Instrumental Access 2017

Dar es Salaam University College of Education: Department of Chemistry

  • DUCE lab

    Third-year students work on a chemistry practical in the lab

  • DUCE students

    Students gather on campus for outdoor discussion groups

  • DUCE faculty

    Academic and administrative staff of DUCE pictured after a workshop on “The Use of Social Media in Teaching and Learning”

  • The building housing lecture halls on the DUCE campus

  • The entrance to the Dar es Salaam University College of Education

Meet our Partner

The Dar es Salaam University College of Education (DUCE) was established by the Tanzanian government to address an acute teacher shortage resulting from government initiatives that successfully expanded primary and secondary school enrollment. The Faculty of Science at DUCE is helping to fill the shortage by training high-quality science educators and scientists. Graduates are in demand; more than 75% of 2014 graduates are working in secondary schools or teacher training colleges across Tanzania.

Areas of Research

Faculty research interests include indoor air quality in urban areas, bioaccumulation of organic pollutants in fish, and fabrication of semi-conductors.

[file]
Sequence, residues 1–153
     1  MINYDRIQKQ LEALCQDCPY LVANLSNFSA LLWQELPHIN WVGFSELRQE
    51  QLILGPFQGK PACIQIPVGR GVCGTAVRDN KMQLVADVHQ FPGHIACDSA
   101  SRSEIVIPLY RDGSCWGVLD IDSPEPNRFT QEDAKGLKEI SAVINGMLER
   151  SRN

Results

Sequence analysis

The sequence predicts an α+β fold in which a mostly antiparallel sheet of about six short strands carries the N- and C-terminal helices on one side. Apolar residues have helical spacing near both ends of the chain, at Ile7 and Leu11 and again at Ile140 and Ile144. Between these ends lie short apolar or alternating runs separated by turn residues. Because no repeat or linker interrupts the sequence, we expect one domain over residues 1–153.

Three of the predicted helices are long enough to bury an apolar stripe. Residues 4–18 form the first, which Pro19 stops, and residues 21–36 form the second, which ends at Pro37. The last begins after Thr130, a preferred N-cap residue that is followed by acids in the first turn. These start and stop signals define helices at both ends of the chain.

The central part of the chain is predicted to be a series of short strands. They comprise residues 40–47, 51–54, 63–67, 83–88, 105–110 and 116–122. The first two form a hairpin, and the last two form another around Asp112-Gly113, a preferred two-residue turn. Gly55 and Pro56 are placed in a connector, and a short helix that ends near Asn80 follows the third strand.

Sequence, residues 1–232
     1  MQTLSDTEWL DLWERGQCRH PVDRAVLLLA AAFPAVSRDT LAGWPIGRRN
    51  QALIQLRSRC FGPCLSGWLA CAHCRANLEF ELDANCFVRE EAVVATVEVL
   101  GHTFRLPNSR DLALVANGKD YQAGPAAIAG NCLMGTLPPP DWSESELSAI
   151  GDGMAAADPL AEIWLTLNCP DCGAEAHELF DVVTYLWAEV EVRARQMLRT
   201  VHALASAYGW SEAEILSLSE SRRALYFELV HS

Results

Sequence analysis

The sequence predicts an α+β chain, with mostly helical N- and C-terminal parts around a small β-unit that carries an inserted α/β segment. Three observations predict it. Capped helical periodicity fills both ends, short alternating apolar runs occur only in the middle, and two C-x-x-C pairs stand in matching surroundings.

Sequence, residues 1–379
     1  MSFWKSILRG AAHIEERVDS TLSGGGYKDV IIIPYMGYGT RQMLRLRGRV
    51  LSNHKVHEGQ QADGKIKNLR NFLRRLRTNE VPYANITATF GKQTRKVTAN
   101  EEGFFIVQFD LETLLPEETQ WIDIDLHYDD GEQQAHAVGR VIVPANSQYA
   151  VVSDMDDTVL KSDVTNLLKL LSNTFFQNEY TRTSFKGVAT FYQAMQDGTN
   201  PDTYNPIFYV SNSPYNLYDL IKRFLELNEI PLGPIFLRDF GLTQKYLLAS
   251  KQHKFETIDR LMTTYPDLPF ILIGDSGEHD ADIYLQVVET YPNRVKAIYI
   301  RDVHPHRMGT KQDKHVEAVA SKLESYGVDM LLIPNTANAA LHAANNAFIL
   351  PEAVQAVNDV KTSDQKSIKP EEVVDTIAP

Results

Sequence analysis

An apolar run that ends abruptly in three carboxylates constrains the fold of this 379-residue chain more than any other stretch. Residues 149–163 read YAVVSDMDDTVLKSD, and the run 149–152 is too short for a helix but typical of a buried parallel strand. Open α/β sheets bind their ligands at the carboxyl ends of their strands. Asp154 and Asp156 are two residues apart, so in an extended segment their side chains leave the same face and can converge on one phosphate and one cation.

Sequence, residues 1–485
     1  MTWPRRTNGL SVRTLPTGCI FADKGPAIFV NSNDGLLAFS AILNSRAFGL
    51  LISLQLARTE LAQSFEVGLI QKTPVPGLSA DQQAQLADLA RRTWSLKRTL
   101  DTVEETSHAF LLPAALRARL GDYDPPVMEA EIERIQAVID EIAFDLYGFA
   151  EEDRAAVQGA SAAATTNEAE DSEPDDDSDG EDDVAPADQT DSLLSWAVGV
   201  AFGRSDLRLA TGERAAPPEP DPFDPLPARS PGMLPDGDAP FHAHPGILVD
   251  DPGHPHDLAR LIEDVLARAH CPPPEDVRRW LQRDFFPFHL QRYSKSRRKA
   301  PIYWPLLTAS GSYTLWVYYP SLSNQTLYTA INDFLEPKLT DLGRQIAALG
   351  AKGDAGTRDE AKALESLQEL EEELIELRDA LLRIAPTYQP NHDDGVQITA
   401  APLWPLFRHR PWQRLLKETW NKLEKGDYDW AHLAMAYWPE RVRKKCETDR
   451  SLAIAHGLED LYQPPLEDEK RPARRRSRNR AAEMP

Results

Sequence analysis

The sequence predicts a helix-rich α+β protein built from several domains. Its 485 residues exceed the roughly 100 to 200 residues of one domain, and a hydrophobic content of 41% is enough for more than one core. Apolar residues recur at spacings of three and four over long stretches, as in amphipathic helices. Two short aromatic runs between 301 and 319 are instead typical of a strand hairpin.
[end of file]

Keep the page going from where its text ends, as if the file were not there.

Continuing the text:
Clean Energy for Healthier Families: Dr. Dativa Shilla

For half the world’s households, wood, grass, and animal dung are the only sources of fuel for cooking and sterilizing drinking water.

And although 1.6 million children die annually due to inhaling smoke from these types of fuels, the vast majority of women and children at risk are unaware of the associated respiratory diseases.

Dr. Dativa Shilla is working to reduce indoor air pollution created by combustion in urban households, an advance that would extinguish the associated health risks facing families in developing nations around the world.

As a researcher and lecturer at DUCE, Dr. Shilla is leading public health initiatives to not only improve the healthcare of women and children, but also promote the development of fuel-efficient technologies and clean light sources for schoolchildren studying at night.

Dr. Shilla’s passion for science began in childhood, but “it was rare at that time for girls to opt for science subjects,” she says. Propelled by her interest in environmental protection and conservation, she ultimately earned a PhD in Environmental and Marine Sciences from the University of the Ryukyus in Japan.

Driven by a hope of inspiring the next generation of women scientists, Dr. Shilla is a mentor for Girls in Science, a program that partners with local high schools to offer hands-on lab experiences and exposure to STEM careers.

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